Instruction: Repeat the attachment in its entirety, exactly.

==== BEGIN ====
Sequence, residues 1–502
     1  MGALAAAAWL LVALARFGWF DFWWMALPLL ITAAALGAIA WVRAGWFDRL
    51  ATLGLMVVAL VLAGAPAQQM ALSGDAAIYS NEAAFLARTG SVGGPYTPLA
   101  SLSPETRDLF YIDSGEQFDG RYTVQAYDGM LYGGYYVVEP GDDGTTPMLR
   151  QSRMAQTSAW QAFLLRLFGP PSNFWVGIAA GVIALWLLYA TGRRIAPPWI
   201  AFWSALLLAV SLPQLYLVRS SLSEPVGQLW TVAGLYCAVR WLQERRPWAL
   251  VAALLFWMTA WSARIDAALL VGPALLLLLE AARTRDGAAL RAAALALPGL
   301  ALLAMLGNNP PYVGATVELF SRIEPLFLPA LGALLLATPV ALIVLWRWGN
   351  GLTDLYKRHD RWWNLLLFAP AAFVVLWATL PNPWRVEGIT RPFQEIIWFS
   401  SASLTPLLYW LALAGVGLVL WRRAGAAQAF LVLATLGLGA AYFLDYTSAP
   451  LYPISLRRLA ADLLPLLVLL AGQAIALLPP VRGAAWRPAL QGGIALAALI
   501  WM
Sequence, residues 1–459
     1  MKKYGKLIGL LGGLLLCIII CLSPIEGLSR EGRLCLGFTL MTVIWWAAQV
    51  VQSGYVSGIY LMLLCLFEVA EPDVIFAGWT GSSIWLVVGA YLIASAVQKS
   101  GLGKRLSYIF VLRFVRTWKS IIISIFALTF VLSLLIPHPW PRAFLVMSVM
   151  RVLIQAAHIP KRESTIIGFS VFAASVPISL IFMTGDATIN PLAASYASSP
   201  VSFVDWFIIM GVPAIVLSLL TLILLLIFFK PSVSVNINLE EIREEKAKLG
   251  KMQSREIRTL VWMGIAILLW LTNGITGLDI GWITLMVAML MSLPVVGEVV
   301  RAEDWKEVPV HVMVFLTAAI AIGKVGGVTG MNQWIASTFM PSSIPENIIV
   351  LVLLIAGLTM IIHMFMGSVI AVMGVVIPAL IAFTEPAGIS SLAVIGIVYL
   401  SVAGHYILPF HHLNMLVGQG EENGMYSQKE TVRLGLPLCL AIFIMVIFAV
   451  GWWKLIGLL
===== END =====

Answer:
Sequence, residues 1–502
     1  MGALAAAAWL LVALARFGWF DFWWMALPLL ITAAALGAIA WVRAGWFDRL
    51  ATLGLMVVAL VLAGAPAQQM ALSGDAAIYS NEAAFLARTG SVGGPYTPLA
   101  SLSPETRDLF YIDSGEQFDG RYTVQAYDGM LYGGYYVVEP GDDGTTPMLR
   151  QSRMAQTSAW QAFLLRLFGP PSNFWVGIAA GVIALWLLYA TGRRIAPPWI
   201  AFWSALLLAV SLPQLYLVRS SLSEPVGQLW TVAGLYCAVR WLQERRPWAL
   251  VAALLFWMTA WSARIDAALL VGPALLLLLE AARTRDGAAL RAAALALPGL
   301  ALLAMLGNNP PYVGATVELF SRIEPLFLPA LGALLLATPV ALIVLWRWGN
   351  GLTDLYKRHD RWWNLLLFAP AAFVVLWATL PNPWRVEGIT RPFQEIIWFS
   401  SASLTPLLYW LALAGVGLVL WRRAGAAQAF LVLATLGLGA AYFLDYTSAP
   451  LYPISLRRLA ADLLPLLVLL AGQAIALLPP VRGAAWRPAL QGGIALAALI
   501  WM
Sequence, residues 1–459
     1  MKKYGKLIGL LGGLLLCIII CLSPIEGLSR EGRLCLGFTL MTVIWWAAQV
    51  VQSGYVSGIY LMLLCLFEVA EPDVIFAGWT GSSIWLVVGA YLIASAVQKS
   101  GLGKRLSYIF VLRFVRTWKS IIISIFALTF VLSLLIPHPW PRAFLVMSVM
   151  RVLIQAAHIP KRESTIIGFS VFAASVPISL IFMTGDATIN PLAASYASSP
   201  VSFVDWFIIM GVPAIVLSLL TLILLLIFFK PSVSVNINLE EIREEKAKLG
   251  KMQSREIRTL VWMGIAILLW LTNGITGLDI GWITLMVAML MSLPVVGEVV
   301  RAEDWKEVPV HVMVFLTAAI AIGKVGGVTG MNQWIASTFM PSSIPENIIV
   351  LVLLIAGLTM IIHMFMGSVI AVMGVVIPAL IAFTEPAGIS SLAVIGIVYL
   401  SVAGHYILPF HHLNMLVGQG EENGMYSQKE TVRLGLPLCL AIFIMVIFAV
   451  GWWKLIGLL